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Francoise André – Beaune

DSC07197Tasted in Beaune with Lauriane André, 15th July 2015.

Domaine Francoise André
7, Rempart Saint-Jean
21200 Beaune, France
Tel:+33 3 80 24 21 65
www.domaineterregelesses-francoiseandre.com

The sign on the building of Domaine des Tergelesses was one I remember seeing for quite some time – set on an incline of one of Beaune’s ramparts, and just around the corner from the Comedie du Vin on the boulevard of Beaune. I’d often thought about visiting – and then I noted that the signage had changed – Domaine Françoise André. By chance I sat with the owners of the domaine at the Elégance de Volnay at the end of June – and tasted a couple of nice wines from them – simple! A date was set.

The building seems much bigger inside than you expect from the external view – indeed there’s not just offices on the upper floor, there’s a nice tasting / dining room that’s big enough for 30 people! Below is the cuverie, and further below that, is the bottle store.

The domaine in its current form began in 2010, and as previously noted, it was known as Domaine des Tergelesses before that. It’s sited on the ramparts of Beaune it is one of the few domaines that still vinify within the walls of Beaune – the town council long-since having largely relocated the actual production of wine (but not the aging of wine) from within the old walls. The domaine actually began life in 1983, set-up by Lauriane’s parents-in-law, the family André. Françoise André is the mother-in-law of Lauriane André and was the co-gérant of the old domaine. Lauriane’s father-in-law works in the accountancy trade and had many wine and grape producers as clients; Lauriane says that he fell in love with Savigny Les Vergelesses and eventually bought a plot in 1983 – joining together the words terroir and vergelesses brought the domaine’s name – Tergelesses.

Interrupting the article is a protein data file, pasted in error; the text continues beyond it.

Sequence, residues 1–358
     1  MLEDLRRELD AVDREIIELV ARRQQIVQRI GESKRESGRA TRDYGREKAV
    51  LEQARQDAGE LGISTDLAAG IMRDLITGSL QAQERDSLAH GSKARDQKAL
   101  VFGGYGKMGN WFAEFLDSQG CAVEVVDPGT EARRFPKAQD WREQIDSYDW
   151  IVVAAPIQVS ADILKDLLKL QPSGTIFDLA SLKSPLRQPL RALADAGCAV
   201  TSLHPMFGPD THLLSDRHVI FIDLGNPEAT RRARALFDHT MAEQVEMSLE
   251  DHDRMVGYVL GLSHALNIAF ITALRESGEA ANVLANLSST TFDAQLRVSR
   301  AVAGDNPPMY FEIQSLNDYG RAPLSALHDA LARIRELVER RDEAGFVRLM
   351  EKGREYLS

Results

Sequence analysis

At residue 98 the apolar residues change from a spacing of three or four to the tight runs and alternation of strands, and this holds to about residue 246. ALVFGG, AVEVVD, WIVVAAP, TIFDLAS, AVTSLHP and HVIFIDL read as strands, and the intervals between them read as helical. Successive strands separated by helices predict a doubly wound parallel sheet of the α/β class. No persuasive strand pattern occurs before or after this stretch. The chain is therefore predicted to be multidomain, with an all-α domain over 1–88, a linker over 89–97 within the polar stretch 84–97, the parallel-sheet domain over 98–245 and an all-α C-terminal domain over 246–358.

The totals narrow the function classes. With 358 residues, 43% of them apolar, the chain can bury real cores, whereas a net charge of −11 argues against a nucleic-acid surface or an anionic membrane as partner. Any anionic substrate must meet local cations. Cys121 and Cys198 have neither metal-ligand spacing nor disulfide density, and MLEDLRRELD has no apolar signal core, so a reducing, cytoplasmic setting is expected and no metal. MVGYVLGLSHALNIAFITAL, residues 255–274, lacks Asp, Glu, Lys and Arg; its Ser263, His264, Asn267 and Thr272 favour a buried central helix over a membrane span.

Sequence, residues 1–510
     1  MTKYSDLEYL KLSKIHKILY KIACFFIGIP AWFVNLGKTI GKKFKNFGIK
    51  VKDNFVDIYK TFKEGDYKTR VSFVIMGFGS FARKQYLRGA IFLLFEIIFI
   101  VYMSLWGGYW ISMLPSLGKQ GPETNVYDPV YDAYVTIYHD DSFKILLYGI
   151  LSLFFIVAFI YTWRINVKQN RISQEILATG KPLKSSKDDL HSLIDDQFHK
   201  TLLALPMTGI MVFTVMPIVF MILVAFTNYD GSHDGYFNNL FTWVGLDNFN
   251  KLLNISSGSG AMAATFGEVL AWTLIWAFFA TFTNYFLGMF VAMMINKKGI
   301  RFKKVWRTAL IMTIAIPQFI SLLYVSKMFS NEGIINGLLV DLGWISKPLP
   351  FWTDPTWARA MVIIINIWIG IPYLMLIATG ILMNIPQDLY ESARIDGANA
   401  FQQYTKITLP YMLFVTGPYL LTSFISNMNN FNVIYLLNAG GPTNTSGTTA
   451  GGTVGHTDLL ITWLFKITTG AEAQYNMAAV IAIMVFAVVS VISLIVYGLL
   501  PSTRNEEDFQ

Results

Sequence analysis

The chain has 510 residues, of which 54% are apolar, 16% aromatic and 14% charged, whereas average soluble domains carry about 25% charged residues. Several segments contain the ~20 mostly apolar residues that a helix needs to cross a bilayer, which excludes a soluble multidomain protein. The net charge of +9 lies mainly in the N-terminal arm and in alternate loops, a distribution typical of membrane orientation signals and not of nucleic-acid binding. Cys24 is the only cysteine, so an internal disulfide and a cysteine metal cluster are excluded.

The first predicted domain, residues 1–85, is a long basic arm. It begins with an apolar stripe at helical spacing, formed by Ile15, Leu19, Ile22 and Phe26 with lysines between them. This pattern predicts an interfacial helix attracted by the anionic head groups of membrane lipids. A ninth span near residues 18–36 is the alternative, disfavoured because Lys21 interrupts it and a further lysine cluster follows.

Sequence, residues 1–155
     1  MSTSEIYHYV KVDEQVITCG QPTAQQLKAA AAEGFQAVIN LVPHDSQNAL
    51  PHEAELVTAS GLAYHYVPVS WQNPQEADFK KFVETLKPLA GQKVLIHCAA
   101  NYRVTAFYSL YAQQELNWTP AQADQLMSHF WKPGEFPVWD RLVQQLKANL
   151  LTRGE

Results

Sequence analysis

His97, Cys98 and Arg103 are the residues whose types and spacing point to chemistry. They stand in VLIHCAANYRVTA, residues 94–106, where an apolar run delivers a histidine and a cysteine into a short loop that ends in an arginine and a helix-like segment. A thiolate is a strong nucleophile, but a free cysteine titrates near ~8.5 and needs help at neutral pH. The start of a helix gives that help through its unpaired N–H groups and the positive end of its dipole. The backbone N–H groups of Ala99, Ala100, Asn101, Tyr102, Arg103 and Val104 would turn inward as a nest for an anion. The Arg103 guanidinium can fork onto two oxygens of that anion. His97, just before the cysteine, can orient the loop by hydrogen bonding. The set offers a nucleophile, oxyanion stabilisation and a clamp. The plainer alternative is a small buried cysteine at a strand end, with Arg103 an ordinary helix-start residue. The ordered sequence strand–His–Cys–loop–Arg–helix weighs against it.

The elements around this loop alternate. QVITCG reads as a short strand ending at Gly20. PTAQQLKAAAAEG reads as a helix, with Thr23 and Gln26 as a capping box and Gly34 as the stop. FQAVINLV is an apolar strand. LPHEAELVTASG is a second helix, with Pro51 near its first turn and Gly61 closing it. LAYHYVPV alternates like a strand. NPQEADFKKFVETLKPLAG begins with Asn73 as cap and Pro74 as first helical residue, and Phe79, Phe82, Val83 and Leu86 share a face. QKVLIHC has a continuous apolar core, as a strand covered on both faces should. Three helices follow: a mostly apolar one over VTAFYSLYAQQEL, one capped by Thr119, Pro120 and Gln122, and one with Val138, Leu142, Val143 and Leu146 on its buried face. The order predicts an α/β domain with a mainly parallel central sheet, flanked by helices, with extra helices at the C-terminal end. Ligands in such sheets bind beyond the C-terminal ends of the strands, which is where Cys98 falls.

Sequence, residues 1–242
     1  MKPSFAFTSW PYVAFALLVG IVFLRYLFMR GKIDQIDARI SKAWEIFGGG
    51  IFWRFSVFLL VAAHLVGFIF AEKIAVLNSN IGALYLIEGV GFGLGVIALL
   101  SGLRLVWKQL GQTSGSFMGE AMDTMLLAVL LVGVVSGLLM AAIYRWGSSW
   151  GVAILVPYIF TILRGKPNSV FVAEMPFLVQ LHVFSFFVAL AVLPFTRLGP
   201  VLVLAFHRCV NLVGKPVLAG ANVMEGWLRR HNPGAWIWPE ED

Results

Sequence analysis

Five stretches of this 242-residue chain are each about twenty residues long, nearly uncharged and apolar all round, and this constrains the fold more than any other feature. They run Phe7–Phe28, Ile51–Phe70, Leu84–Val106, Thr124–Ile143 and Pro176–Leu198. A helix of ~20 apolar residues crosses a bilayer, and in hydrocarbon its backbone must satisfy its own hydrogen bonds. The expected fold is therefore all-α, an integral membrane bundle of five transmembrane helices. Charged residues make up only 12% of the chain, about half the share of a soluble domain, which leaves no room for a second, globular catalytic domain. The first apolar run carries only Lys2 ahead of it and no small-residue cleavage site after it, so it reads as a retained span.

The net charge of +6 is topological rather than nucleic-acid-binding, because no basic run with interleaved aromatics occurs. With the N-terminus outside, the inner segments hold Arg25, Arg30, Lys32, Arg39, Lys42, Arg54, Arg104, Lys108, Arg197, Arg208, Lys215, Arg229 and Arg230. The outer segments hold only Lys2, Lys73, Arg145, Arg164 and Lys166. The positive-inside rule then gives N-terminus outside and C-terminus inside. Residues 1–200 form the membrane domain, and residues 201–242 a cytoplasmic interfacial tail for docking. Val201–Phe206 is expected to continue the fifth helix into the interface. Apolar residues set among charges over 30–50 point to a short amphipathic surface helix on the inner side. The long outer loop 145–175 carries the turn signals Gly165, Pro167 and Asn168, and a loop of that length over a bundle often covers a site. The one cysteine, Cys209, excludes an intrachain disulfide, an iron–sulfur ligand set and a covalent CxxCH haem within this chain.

Sylvain Pitiot, recently retired after 20 years at the Clos de Tart was the domaine’s first winemaker, moving on from here for a short stint at the Hospices de Beaune before moving to work in Morey St-Denis. Pitiot was replaced here by Philippe Senard until Philippe retired – the Senards also had a financial interest in the domain. In 2008 the domaine owned about 7 hectares of vines but had reached a point where they had to decide whether to sell grapes, must or even sell the domaine – a new solution for the family was needed. Enter Lauriane, originally from Lyon, and married one of the three sons of the Andrés – Thierry. Lauriane said – ‘I’ll do it!’